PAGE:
Soon to be the world's number one carmaker, Japanese auto giant Toyota plans to develop a system that it says will prevent a vehicle from starting after detecting that the driver is drunk.

The Toyota system analyzes sweat on the palms of the driver's hands to assess blood alcohol content and does not allow the vehicle to be started if the reading is above programmed safety limits.

The system can detect abnormal steering and whether the driver's pupils are out of focus as well as the sweat sensors in the steering wheel to determine the level of alcohol in the driver's bloodstream.

If any of these symptoms are detected the car will not turn on or will slow to a stop.

The automaker said the system could be available as soon as 2009.

Toyota joins Volvo in developing computerized systems to prevent drunk driving. The Volvo system requires the driver to blow into a tube to detect alcohol in the breath.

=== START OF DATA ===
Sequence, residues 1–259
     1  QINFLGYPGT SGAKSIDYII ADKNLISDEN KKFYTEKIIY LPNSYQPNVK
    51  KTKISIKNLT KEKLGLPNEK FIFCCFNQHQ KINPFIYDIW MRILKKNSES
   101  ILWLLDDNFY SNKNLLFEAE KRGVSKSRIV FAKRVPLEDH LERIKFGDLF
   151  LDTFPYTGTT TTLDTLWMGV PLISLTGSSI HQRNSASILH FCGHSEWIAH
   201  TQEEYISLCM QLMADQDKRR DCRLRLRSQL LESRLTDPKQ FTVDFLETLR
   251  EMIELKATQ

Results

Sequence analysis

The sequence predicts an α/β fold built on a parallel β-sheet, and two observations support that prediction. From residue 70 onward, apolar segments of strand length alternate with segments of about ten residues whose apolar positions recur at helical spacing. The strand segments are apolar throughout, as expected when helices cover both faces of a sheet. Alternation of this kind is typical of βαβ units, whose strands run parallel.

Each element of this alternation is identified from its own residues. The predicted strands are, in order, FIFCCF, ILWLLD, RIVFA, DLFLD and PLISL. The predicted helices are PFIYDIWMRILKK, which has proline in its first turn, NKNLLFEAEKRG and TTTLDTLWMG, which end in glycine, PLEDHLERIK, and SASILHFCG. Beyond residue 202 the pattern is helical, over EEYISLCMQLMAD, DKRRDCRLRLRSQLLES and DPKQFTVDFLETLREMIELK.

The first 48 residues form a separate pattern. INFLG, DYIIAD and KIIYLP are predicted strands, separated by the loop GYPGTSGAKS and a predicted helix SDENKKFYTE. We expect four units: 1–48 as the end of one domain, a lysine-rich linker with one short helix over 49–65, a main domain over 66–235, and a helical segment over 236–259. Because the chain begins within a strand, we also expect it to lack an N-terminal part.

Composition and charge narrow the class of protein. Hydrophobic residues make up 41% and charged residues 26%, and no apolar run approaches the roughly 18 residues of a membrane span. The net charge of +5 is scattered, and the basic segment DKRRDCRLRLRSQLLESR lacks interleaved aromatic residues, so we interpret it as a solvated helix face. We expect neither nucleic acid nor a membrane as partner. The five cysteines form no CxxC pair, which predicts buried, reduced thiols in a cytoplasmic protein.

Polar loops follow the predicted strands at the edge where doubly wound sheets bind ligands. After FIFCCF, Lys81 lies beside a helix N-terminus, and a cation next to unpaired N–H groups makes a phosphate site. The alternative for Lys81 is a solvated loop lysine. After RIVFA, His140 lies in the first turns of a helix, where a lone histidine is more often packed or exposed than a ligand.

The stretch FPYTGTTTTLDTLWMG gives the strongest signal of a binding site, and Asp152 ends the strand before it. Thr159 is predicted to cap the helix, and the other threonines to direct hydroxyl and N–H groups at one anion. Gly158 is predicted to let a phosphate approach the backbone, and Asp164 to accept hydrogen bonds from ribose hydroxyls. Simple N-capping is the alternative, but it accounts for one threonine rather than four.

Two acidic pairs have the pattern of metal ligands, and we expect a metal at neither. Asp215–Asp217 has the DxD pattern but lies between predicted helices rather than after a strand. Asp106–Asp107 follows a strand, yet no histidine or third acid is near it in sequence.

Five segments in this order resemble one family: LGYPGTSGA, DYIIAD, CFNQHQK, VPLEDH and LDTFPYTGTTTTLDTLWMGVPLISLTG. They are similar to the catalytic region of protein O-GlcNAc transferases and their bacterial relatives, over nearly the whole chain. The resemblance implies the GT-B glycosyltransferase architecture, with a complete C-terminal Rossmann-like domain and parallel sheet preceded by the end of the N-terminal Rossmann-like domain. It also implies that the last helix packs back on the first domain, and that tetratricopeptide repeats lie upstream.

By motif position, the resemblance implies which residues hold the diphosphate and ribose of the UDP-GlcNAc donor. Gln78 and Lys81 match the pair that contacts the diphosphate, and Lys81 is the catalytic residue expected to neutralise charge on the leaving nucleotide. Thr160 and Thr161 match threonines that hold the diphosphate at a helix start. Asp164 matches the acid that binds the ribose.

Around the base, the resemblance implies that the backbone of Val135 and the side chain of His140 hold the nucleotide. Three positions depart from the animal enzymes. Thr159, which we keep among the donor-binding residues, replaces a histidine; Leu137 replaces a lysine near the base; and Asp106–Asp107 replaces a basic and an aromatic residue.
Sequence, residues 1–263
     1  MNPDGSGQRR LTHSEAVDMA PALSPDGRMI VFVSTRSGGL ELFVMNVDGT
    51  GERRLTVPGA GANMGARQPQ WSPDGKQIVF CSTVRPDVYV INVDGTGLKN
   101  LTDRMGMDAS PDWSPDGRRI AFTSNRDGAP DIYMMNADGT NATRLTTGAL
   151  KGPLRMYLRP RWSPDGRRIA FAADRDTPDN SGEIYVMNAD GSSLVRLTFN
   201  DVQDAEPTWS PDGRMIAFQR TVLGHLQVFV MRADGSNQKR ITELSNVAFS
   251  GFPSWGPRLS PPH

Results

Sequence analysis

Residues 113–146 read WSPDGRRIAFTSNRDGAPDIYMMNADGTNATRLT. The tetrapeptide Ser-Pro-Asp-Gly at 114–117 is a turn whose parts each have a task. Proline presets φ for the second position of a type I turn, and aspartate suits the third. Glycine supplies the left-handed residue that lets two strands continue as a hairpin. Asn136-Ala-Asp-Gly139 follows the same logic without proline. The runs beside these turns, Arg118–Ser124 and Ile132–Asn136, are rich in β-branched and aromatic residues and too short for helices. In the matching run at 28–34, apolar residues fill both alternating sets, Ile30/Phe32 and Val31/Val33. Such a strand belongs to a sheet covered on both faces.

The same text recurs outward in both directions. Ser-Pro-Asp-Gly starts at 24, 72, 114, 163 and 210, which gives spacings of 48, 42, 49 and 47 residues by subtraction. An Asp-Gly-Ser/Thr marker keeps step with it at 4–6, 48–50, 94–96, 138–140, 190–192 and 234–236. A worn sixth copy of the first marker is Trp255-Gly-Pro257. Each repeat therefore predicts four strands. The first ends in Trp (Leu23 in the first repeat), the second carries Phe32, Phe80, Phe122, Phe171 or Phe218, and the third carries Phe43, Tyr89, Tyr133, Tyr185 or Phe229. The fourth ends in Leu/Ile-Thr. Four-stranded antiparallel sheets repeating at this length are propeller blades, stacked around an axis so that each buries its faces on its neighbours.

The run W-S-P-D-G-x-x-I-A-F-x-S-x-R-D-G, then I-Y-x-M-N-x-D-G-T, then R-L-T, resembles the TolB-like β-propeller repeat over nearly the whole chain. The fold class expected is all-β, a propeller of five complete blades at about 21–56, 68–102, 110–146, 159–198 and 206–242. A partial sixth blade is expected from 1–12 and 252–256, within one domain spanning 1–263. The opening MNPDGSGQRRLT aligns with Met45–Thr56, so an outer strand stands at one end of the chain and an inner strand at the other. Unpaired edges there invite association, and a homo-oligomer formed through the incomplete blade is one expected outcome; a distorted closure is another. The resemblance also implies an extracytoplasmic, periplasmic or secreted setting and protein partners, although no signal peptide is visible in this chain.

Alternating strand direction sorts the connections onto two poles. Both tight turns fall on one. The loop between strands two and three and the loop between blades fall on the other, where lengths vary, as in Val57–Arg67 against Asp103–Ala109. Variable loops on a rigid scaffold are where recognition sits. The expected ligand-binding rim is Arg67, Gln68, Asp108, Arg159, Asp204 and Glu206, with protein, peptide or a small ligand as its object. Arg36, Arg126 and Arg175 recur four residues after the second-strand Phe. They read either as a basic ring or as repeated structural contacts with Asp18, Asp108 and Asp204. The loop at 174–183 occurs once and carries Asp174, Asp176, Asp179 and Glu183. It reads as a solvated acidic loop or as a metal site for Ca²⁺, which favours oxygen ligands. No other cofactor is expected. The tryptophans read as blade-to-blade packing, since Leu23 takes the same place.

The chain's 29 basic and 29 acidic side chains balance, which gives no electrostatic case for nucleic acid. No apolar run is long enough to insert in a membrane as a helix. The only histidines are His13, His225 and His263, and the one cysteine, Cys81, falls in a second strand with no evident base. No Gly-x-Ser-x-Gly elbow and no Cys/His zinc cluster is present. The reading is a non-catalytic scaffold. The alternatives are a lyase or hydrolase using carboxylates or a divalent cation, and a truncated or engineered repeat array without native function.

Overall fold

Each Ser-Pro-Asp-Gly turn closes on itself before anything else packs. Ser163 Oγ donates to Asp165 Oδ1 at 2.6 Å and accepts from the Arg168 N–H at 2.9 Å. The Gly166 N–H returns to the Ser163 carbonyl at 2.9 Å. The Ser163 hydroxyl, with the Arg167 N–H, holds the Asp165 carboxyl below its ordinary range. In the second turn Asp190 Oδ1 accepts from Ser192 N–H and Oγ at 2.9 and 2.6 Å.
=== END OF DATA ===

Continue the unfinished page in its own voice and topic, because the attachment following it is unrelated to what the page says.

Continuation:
Toyota rival Nissan Motor is also working on measures to prevent drunk driving.

The research announcements follow a record of drunken driving in Japan which included 14,000 intoxicated driving accidents in 2005 that killed 707 people, according to the National Police Agency.

Japan is considering increasing the penalty for driving under the influence to up to a maximum five years in prison from the current three years and doubling the fine to $8,500.